A Salute to Betjeman

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On Hampstead Heath a leisured stroll
To calm the mind and soothe the soul –
North London’s take on Flatford Mill –
The air is thick with heat, and still,
The sunshine gilds the two hilltops
Burnishes meadow, pond and copse.
All round a gorgeous vista spreads
Though (adders lurk in all woodsheds)
The TV mast on Highgate Hill’s
A blot; the Royal Free – bitter pills
For anyone who cares, to swallow
And doubtless, some day, worse will follow
As Betjeman once prophesied
While all around him beauty died.

I sit beneath a spreading oak
In whose wide shade Jack Straw once spoke
(Or might have) to the multitude
As nation-changing trouble brewed,
And fish out from my bag the book
That, in unheedful haste, I took
Along with me today. I scan
The cover – find it’s . . . Betjeman!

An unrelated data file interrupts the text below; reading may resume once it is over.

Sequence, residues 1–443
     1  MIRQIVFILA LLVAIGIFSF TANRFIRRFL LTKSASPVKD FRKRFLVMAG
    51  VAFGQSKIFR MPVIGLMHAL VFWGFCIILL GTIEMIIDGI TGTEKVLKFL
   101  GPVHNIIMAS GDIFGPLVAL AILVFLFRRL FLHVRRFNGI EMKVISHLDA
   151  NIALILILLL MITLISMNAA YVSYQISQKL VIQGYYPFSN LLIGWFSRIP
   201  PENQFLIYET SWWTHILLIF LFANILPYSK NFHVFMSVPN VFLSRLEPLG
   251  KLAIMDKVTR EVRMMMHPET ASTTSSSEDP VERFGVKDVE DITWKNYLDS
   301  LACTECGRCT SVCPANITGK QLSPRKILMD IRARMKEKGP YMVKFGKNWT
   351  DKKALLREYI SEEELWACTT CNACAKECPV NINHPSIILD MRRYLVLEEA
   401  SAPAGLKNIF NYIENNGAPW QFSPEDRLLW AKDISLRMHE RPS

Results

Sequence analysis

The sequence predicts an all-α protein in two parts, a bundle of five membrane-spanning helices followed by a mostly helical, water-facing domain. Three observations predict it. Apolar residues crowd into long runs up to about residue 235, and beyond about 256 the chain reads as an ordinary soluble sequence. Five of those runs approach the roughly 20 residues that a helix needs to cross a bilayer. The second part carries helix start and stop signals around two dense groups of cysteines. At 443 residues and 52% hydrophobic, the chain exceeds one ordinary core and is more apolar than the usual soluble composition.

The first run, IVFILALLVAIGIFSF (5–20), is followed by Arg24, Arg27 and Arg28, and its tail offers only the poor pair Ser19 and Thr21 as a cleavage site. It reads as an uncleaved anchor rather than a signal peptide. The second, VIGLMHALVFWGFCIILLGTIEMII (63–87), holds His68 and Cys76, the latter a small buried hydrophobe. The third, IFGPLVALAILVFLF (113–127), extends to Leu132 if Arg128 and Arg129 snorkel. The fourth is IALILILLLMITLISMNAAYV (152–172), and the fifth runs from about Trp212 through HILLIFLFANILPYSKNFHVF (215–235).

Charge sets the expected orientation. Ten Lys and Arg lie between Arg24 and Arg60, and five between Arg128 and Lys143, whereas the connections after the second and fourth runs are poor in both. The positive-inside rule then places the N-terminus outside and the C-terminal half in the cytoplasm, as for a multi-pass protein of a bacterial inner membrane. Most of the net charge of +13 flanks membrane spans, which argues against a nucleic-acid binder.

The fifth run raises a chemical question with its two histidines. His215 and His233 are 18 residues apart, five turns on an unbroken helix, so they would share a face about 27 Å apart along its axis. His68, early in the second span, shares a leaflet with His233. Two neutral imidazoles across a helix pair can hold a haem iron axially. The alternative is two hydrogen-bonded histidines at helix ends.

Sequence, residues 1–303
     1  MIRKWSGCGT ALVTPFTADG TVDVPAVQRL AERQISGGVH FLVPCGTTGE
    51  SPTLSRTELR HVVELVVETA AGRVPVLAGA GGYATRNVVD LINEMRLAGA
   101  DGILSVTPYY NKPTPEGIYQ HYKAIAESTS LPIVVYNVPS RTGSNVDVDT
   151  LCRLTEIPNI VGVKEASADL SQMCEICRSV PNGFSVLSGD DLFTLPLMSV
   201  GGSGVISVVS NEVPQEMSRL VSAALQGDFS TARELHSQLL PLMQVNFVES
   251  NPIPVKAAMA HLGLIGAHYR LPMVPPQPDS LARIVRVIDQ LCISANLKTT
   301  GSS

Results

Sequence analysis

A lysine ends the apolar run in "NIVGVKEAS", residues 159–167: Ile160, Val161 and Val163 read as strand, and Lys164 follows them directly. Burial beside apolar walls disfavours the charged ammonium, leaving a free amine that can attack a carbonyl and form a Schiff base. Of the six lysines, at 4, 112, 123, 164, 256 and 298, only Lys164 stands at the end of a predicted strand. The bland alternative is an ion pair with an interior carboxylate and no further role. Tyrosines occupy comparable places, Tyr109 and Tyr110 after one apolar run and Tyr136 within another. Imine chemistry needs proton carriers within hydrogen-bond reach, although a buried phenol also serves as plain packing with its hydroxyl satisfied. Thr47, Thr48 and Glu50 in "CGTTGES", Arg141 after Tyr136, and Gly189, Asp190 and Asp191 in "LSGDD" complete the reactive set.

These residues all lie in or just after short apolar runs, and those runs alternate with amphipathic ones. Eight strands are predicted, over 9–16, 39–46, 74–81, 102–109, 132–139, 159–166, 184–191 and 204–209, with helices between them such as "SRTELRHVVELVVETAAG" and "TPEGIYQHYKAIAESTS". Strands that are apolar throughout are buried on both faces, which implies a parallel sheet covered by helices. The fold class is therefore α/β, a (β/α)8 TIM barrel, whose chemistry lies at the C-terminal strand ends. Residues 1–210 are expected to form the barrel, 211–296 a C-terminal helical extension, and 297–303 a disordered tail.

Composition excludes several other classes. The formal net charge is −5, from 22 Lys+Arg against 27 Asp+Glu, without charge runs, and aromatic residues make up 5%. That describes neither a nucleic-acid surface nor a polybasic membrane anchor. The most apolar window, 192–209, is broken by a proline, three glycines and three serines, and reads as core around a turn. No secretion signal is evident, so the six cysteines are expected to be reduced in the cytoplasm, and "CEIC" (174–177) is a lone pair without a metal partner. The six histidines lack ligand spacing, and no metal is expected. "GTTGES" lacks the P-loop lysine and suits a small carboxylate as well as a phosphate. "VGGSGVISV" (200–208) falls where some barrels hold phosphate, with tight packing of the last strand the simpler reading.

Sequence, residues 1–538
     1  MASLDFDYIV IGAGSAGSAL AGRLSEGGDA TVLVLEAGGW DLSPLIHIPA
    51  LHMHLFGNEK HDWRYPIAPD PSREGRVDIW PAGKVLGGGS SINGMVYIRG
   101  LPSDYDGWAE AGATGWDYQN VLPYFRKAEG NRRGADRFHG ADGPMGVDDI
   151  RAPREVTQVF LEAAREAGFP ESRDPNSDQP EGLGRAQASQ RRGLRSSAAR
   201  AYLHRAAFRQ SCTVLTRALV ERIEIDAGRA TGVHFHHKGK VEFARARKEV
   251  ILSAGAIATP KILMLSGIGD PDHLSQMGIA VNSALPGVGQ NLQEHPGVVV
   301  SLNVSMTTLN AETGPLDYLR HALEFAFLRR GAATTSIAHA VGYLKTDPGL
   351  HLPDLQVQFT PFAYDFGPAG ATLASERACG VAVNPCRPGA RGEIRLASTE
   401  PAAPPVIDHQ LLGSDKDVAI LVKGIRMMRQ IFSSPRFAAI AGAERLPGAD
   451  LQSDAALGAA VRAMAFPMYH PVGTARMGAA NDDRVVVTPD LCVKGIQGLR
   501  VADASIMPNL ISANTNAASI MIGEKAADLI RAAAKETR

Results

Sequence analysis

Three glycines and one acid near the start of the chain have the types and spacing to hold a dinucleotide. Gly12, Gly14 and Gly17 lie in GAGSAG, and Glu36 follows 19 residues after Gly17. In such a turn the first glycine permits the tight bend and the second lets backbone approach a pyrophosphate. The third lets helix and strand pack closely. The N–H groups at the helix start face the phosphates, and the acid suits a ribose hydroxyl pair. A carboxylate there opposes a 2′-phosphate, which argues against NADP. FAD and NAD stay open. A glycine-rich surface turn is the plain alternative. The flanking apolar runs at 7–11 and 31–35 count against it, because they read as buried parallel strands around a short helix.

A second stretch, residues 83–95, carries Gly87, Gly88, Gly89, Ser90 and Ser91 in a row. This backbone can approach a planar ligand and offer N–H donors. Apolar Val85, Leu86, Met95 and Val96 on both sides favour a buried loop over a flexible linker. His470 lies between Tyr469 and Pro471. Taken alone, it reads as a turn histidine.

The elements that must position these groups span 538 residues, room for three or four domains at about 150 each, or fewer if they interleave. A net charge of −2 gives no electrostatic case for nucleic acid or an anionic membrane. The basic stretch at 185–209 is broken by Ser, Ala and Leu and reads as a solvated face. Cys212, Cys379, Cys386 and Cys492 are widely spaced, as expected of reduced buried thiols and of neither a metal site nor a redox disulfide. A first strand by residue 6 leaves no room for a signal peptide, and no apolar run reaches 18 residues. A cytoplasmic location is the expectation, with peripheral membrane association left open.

The self-same legendary lamenter
Of parking lot and shopping centre,
Church wrecking-balled and hedgerow felled
On whom my thoughts have briefly dwelled
Already. ‘Christ!’ I think, ‘not him!
All old-style rhyme and meter – grim!’

At once ‘A Bay in Anglesey’
With its sure grip on prosody
And masterly descriptive power
Painterly in its image shower
Disarms my modernist prejudice –
No mere hack rhymester writes like this:
The sleepy sound of a tea-time tide
Slaps at the rocks the sun has dried
Too lazy, almost, to sink and lift
Round low peninsulas pink with thrift.
A poet needs no more to speak
In his defence than a technique
That Tennyson would not have scorned.

In more than half his work he warned
Of ineluctable decline
And kicked against the pricks of Time,
Conservative defines his views,
Nostalgia’s, as it were, his muse.
But his brave railing at decay
And longing for a bygone day
Speak loud to us, leap off the page
In this jejune and tasteless age.
If all nostalgia has been banned
For England’s green and pleasant land
Still ‘Slough’ presents us someth

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About the contributor

Ranjit Bolt was born in Manchester in 1959 of Anglo-Indian parentage. His translations and adaptations of foreign classic plays have been performed in major theatres all over the English-speaking world, including the National Theatre and the Royal Shakespeare Company.

The illustrations in this article are by Daniel Macklin.

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